The water sample contained a small amount of a deposit that was black in color and highly magnetic indicating that it has a high iron component which was confirmed by qualitative analysis.  The material was so small in size that a compound microscope was required to resolve its character.  The following photomicrographs show 4 typical fields of view taken at 800 magnifications.  The white amorphous material proved to have a soft texture and be rich in bacteria – this material will not affect the pump seals but does indicate that there may be other problems with system treatment.  The black spheres proved to be small bits of welding slag from system construction/maintenance work.  The welding slag is composed of iron and is, as a result, quite hard in texture.  The slag seen was quite small in size ranging from 12.5 to 50 microns in diameter and is likely the cause of the deterioration of the seals submitted as the slag is small enough to get between the seals’ opposing faces and hard enough to get stuck in the graphite and score its surface leading to the grooving noted above.

    No.5  pump case 5     No.6  pump case 6

    No.7  pump case 7     No.8  pump case 8

    RECOMMENDATIONS:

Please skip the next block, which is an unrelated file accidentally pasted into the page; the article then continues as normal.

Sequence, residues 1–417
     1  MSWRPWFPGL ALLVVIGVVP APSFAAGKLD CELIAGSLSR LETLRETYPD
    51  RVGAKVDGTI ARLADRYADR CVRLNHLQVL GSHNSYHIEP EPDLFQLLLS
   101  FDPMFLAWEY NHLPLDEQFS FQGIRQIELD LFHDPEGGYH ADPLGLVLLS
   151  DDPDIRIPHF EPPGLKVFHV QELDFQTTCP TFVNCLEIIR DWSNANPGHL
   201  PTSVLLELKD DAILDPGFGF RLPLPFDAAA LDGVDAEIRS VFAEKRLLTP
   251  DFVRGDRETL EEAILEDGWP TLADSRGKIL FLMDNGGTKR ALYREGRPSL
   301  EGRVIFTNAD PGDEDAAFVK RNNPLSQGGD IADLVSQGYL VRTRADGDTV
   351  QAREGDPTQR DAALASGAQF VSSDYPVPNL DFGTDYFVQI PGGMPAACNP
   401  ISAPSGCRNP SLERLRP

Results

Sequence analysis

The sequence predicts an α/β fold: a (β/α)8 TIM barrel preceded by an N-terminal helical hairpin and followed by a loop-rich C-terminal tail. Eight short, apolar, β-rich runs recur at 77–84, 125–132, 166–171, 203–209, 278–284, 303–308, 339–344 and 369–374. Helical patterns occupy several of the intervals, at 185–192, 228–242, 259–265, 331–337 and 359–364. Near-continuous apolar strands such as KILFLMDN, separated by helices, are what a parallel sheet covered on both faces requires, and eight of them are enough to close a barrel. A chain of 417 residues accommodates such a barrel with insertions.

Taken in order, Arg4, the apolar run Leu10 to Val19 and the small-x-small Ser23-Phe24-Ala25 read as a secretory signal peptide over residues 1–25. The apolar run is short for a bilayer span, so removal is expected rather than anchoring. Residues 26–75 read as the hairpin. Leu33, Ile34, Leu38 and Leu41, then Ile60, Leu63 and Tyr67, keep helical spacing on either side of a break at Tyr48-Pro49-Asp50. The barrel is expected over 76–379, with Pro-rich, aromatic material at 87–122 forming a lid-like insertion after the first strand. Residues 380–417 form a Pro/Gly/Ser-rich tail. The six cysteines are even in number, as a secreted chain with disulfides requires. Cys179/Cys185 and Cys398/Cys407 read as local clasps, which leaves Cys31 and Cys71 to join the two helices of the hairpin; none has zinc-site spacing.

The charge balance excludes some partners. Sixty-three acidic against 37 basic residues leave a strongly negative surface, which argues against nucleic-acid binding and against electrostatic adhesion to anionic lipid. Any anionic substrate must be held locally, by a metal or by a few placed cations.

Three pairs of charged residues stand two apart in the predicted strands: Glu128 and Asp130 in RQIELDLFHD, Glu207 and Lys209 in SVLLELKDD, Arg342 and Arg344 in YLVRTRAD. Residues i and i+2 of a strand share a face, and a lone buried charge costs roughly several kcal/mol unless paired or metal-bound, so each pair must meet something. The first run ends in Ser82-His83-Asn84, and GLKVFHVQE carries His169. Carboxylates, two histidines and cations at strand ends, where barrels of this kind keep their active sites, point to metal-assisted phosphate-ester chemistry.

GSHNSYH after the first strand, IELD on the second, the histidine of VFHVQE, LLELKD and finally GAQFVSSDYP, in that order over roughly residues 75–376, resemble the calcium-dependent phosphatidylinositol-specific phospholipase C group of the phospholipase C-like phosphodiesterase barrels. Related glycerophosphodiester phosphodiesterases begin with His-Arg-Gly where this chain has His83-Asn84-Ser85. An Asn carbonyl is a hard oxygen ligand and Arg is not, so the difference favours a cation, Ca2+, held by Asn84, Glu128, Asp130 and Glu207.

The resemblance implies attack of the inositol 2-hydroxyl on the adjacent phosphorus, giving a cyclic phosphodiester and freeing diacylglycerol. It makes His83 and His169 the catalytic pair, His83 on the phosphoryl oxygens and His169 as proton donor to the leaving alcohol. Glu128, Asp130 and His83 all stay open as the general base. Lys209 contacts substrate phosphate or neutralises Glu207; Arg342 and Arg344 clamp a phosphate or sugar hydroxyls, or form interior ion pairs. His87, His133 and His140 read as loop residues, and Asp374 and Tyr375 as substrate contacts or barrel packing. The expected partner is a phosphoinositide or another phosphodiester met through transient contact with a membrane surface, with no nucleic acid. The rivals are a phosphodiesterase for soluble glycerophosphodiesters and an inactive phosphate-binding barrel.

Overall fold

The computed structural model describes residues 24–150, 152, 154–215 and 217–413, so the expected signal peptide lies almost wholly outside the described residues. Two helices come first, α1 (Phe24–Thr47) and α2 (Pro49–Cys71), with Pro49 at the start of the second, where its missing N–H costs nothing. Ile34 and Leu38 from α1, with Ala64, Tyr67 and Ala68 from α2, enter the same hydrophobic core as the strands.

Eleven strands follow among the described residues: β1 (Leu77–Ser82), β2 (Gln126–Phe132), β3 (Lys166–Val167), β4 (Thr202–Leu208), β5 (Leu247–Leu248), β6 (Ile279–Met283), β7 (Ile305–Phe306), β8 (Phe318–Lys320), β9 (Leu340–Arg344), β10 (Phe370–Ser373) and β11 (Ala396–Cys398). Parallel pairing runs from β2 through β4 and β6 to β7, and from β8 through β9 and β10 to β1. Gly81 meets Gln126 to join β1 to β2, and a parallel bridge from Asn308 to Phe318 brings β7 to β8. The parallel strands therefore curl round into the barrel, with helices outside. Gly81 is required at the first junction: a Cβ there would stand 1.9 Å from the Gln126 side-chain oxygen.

1. A side stream filtration system should be installed – a bag type filter inserted into the existing shot feeder (a bag with a 10 micron pore size may suffice).
    2. The system should be given a proper chemical flush out using a non-corrosive cleaner to remove as much of the loosened welding slag as possible.
    3. Dump the system water as forcefully as possible as this will help purge existing sediment.
    4. Recharge the system with an appropriate inhibitor to the high end of its recommended control range to build up a protective film on the exposed metal.
    5. Monitor the filter bag at frequent intervals for 30 days, cleaning/replacing as needed due to potential plugging with iron rich sediment.
    6. Monitor bag and water treatment levels routinely thereafter.
  • Corrosion Problems in Domestic Hot Water Piping

    THE PROBLEM:  A rural hospital was having corrosion problems in its domestic, hot water piping.  The water supply was from a well that was treated with liquid sodium hypochlorite as the disinfectant.  We were informed that the well water has between 0.7 to 1.0 mg/L of free chlorine in the recirculating domestic hot water after treatment.

    EQUIPMENT INSPECTED: Section of copper pipe removed from the Domestic Hot Water system which is approximately 1.7 inches in length (see photo No. 1). Its outer diameter (OD) was measured at 2.12 to 2.13 inches. The wall thickness measured at the thickest area was 0.067 to 0.070 inches. This corresponds to 2 inch, Type L copper tubing which has a manufactured OD of 2.125 inches and a wall thickness of 0.070”. The corroded areas of the pipe were between 0.022 and 0.45 inches in thickness but primarily under 0.040 inches.